Over 125 years ago, in a death penalty case called In re Medley, 134 U.S. 160, 170-71 (1890), the United States Supreme Court wrote that solitary confinement was a “further terror and peculiar mark of infamy.” The Court described it further as an “additional punishment of the most important and painful character.”
Alluding to this ancient recognition of solitary confinement’s mind-destroying, soul-sapping, and otherwise dehumanizing effects – a view shared today by every reputable mental health professional, scientist, and reasonable, justice-loving person – Justice Kennedy wrote (in his 2015 concurrence in Davis v. Ayala, 135 S. Ct. 2187, 2209-10): “The human toll wrought by extended terms of isolation long has been understood, and questioned, by writers and commentators.” Kennedy’s opinion highlights the unsurprising conclusion that, “research still confirms what this Court suggested over a century ago: Years on end of near total isolation exact a terrible price.”
These are not simply draconian measures to curb refugee movement towards Europe, but populist ideals presented to the European Parliament as an authentic means of terminating its “refugee crisis”.
In Franz Kafka’s ‘The Trial’, Josef K. (an allegorical personification of the author) finds himself arrested, charged and on trial for a crime of which he knows nothing, without any defence. The undermining of presumed legal norms by the two “unidentified agents from an unspecified agency” and the “Committee of Affairs” leaves K. in the impossible position of a guilty man who does not know the nature of his crime.
The updated Toxic Substances Control Act brings new hope for protecting Americans’ health and environment. Here’s what it does — and doesn’t — do.
“This is a big deal,” said President Barack Obama as he signed into law the bill that updates — for the first time in 40 years — the nation’s main chemical safety legislation. Called the Frank R. Lautenberg Chemical Safety for the 21st Century Act to honor the late senator for whom this was a special cause, the law revises the Toxic Substances Control Act that gives the U.S. Environmental Protection Agency authority to regulate chemicals used commercially in the United States.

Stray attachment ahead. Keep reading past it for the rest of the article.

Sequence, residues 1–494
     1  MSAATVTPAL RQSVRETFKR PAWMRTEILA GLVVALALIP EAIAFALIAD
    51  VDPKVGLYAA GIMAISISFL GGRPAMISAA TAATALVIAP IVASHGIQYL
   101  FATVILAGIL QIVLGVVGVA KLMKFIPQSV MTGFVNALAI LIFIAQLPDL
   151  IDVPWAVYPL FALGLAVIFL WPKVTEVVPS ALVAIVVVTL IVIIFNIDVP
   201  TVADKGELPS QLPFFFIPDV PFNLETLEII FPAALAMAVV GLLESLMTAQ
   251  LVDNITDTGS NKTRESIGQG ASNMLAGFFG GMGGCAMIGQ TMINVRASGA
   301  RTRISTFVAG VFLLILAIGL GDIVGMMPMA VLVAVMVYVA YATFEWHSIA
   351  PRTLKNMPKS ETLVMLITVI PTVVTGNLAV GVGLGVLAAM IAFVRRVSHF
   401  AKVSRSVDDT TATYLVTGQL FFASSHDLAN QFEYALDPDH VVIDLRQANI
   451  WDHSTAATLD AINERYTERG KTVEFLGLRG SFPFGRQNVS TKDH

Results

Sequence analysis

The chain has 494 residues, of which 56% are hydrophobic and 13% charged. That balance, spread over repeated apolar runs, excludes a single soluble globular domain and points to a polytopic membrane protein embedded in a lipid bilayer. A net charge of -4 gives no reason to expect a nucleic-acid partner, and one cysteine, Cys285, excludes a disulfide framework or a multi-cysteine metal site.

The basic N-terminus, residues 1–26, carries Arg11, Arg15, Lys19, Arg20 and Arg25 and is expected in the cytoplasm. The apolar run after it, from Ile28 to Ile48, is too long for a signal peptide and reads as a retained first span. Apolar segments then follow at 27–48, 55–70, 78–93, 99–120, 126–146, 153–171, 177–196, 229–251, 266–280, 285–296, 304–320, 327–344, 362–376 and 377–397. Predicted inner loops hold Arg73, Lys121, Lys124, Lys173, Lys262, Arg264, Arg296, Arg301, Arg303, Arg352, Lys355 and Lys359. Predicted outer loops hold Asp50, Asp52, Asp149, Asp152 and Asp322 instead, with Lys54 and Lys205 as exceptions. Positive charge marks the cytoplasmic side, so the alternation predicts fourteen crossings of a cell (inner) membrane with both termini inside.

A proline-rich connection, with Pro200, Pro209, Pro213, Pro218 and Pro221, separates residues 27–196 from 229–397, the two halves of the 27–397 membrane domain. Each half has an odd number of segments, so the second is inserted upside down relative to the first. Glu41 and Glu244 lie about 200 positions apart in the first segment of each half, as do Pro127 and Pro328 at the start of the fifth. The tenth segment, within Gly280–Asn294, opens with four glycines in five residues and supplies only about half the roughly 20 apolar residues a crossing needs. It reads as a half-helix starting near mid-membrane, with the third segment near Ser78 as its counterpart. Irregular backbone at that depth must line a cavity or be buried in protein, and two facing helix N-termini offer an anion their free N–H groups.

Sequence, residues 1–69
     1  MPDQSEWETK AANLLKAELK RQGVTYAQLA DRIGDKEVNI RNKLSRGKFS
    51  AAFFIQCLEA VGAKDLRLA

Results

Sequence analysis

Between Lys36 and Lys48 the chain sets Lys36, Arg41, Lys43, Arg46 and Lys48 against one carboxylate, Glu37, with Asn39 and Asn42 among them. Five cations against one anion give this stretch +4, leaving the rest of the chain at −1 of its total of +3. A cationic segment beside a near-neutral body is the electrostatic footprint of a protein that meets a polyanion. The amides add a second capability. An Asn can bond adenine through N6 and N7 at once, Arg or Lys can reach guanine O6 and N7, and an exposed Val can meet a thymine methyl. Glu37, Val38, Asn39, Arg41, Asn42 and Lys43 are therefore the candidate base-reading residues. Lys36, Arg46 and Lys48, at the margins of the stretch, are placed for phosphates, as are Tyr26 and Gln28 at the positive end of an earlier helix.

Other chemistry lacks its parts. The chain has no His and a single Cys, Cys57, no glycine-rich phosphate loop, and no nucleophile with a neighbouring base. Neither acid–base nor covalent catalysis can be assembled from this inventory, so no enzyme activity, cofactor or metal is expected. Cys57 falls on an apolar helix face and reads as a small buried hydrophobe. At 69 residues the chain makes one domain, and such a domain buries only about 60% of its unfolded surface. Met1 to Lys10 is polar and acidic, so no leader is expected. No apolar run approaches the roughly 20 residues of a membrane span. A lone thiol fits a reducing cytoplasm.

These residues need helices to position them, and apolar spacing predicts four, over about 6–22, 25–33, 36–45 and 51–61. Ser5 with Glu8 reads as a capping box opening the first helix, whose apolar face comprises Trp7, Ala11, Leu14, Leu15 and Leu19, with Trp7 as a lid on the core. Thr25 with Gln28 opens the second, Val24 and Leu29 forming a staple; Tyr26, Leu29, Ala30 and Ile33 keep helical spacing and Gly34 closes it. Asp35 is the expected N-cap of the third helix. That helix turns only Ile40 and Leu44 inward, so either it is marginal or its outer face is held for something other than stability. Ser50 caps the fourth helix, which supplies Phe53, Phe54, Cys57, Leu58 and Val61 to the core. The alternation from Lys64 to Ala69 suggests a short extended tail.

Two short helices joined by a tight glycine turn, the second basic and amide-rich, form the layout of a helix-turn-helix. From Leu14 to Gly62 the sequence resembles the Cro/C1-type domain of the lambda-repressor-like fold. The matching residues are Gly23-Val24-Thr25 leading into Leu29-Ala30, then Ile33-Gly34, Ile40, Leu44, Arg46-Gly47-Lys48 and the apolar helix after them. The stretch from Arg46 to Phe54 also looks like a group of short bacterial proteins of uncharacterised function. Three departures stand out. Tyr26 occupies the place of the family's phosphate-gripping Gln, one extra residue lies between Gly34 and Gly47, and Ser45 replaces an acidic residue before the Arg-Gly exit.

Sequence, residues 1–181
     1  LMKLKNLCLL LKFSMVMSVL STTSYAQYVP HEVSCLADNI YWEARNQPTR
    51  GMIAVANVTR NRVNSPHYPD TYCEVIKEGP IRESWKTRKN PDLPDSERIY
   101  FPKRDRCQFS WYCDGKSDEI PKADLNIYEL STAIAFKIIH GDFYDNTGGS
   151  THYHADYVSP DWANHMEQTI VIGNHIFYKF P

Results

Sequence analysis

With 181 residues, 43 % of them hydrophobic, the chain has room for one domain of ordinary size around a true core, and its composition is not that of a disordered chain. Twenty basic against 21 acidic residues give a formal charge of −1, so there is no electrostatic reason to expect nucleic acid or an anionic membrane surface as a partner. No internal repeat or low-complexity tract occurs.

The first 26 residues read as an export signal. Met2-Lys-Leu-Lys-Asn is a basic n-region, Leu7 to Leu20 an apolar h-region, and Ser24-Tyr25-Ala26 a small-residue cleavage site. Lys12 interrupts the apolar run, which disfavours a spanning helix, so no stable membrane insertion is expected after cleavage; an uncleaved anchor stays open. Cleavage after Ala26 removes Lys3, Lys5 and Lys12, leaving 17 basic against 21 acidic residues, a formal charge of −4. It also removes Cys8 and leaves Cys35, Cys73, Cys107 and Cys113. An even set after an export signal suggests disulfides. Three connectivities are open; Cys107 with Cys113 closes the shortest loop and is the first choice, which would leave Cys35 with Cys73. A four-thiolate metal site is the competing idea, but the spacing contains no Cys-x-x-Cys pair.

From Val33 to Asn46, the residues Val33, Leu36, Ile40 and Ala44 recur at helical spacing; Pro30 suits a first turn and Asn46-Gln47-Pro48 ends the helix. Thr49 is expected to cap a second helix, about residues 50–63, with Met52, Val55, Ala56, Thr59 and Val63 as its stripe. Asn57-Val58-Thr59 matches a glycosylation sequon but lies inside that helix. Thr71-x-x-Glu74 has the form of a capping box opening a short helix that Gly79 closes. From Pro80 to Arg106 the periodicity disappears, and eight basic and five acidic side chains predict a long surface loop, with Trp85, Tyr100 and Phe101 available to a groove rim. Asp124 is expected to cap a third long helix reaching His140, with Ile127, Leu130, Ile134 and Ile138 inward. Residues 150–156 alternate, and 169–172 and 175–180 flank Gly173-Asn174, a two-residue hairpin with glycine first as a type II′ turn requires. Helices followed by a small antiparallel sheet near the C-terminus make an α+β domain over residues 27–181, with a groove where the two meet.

Amendments to Criminal Procedure Would Erode Judicial Authority
Malaysia’s Senate should reject the government’s proposed legal changes that would undermine the rights of criminal suspects, Human Rights Watch said today. Amendments to the country’s Code of Criminal Procedure passed the lower house of parliament on May 19, 2016, and will be debated by the Senate in the session starting on June 13.
“The proposed amendments are part of a troubling trend of the Malaysian government undermining the right to a fair trial during periods of political turmoil,” said Phil Robertson, deputy Asia director at Human Rights Watch. “The Senate should reject amendments that undermine the rights of the accused or judges’ authority to protect rights.”
US citizens obtain immunity for supporting Israeli war crimes.
A warning from Jeremy Harding.